REVIEW: Jens Lekman at Brighton Music Hall (3/15)

There’s a classic anecdote about a man that seeks out a doctor for advice on treating depression.

After hearing out the man’s isolation and struggles, the doctor tells him to start treatment by seeing a great clown in town that evening. The man tears up, looking down as he says, “But doctor, I am the clown.”

Before any angry Watchmen fans attack the comment section, the story is most famously framed as a joke Rorschach tells of the clown Pagliacci, but the basic framework existed even earlier with European clown Grock acting as “the clown” in the early 1900s. In any case, if a modernization is in order, it might be worth replacing “European clown” with “prolific Swedish twee pop singer/songwriter/occasional wedding singer” if we’re considering Jens Lekman for the rewrite.

Lekman has spent nearly two decades capturing hyper-specific moments of Swedish winters, slicing his finger open in a kitchen prank gone wrong, acting as a beard for a friend upon meeting her ultra-religious father, and the existence (or lack thereof) of love more than a few times at this point. No matter how dire, absurd, or darkly funny a Jens Lekman story gets, the situation is often buoyed with a swarm of strings, world music samples, and bubbly guitars.

Still, as a long time fan of Jens’, a certain over-protectiveness of him formed and the five year wait between 2012’s I Know What Love Isn’t and this year’s Life Will See You Now became more worrisome than anticipatory. Interviews detailing his slight disappointment in Love, half-full venues of “fans” just waiting for the hits, and taking up work as a wedding singer seemed starkly personal even by Jens standards, but Life has the capability of being regarded as either his most pop-centric record or his most personal yet depending on who you ask.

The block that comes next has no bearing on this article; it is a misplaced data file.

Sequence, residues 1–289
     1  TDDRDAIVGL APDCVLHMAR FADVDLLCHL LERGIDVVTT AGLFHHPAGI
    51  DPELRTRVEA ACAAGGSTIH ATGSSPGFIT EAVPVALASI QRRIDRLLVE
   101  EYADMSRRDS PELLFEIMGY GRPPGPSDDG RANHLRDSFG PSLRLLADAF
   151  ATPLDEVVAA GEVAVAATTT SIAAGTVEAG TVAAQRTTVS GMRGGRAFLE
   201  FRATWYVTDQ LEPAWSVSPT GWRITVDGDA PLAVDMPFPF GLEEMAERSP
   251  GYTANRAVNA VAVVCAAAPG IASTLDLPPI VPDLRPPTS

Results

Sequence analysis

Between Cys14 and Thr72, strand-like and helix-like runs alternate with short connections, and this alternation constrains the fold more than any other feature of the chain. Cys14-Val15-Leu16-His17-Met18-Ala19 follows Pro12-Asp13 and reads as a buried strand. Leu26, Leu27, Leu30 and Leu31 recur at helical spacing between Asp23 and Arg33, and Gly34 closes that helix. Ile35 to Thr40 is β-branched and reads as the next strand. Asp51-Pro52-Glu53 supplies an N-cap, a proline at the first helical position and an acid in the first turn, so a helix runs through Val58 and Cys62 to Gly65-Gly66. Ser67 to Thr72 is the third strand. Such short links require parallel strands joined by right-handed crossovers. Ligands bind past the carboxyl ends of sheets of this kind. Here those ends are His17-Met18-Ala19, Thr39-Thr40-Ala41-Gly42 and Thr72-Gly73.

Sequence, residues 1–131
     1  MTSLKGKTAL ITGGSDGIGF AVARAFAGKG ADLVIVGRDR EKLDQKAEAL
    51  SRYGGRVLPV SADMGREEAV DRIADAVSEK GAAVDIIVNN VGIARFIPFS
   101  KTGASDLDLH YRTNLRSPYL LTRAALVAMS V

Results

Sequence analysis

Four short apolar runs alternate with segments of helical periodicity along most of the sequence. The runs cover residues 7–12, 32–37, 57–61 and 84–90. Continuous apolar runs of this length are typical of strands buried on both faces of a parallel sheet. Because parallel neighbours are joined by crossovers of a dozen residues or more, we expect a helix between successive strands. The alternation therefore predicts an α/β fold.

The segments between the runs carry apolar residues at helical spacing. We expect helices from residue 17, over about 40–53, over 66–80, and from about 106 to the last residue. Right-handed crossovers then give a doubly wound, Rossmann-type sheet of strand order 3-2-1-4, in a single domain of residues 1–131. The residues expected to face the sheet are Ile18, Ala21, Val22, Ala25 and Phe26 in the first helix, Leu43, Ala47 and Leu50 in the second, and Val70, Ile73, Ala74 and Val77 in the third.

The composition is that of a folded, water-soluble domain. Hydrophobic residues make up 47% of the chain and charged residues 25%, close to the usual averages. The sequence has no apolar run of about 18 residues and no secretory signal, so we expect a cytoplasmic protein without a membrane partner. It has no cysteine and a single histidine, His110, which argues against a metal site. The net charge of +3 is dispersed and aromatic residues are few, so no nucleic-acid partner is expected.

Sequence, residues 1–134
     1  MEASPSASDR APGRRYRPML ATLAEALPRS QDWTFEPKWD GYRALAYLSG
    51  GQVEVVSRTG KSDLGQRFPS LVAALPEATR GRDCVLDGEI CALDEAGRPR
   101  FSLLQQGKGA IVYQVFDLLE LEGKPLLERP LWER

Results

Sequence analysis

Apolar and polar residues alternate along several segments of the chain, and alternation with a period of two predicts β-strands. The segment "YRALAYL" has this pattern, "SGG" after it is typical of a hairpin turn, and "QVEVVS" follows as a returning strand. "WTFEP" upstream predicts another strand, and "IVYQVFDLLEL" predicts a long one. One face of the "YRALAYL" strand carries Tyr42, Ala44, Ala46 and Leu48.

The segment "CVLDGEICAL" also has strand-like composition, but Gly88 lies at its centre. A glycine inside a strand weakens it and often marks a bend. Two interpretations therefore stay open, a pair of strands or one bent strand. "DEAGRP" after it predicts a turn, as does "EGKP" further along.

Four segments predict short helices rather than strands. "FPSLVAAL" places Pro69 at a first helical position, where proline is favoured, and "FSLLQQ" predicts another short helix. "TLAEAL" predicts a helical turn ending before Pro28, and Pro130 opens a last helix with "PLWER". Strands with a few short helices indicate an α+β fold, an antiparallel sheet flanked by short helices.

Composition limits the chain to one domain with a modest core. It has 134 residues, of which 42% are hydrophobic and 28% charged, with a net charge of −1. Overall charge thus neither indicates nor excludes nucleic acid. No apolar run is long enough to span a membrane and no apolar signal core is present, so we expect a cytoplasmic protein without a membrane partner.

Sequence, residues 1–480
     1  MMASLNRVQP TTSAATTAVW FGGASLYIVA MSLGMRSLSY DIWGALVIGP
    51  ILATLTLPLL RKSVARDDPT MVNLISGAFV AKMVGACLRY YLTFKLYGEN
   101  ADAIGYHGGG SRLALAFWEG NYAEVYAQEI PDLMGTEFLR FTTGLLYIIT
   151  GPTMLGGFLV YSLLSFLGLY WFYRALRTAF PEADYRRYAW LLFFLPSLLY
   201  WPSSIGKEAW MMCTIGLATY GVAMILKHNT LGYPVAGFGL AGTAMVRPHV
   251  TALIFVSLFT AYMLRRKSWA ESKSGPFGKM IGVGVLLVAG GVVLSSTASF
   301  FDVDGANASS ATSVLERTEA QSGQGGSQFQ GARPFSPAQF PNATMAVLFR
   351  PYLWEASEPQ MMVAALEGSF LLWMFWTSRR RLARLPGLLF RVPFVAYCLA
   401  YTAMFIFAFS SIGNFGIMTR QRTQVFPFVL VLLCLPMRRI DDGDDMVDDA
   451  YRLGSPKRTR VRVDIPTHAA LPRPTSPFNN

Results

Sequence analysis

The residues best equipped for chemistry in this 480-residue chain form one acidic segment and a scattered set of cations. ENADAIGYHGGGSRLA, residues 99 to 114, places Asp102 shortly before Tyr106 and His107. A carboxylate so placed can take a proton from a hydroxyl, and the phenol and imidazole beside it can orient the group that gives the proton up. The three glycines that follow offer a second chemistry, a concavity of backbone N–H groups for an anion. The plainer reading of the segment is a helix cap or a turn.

If anything, openers Lisa/Liza’s atmospheric folk served as an achingly beautiful red herring to the rest of the night. Singer/guitarist Liza Victoria’s warble already carried the weight of wintry blues before she mentioned having to drive through the blizzard with the band earlier this week, even as trucks pulled off the road around them.

Although opening and closing on a similarly somber, acoustic note (“To Know Your Mission” and “The Cold Swedish Winter” respectively), Lekman’s set around Life aimed to live up to its name with one of the most life-giving productions I’ve seen all year.

Bringing his backing band on one-by-one to perform recent single “What’s That Perfume That You Wear?”, Lekman assembled a harmonizing, giddily dancing band in keyboardist Emelie Odelberg, drummer Julia Ivansson, and bassist Hanna Westberg. After Lekman soberly introduced “Evening Prayer” as a song about friends with cancer, the four piece managed to bring the album version’s disco vocalizations to new, surprisingly uplifting heights. Segueing songs with Chairmen of The Board samples and mock-proposing to an audience member at the requisite point of “I Know What Love Isn’t”, Lekman himself seemed to be flexing his wedding singer status to a playful extreme, relishing the sold out crowd’s loud singalongs to the month-old Life songs.

Closing the set pre-encore to album closer “Dandelion Seed” provided a moment of meditative reflection for the band, letting the raucous Brighton Music Hall mellow with string samples. Lekman’s eyes remained closed, but a thin smile formed as the crowd interrupted to beg for more songs.

While there are plenty of disconnects, miscommunications, and hearts left precariously on sleeves in Lekman’s lyricism, Lekman himself appeared far less like the eternally emotional songwriter on Wednesday night and more like the celebrated performer that he’s practically always been, unable to stop smiling even in a moment of meditation.

For more photos from the show, check out our gallery below.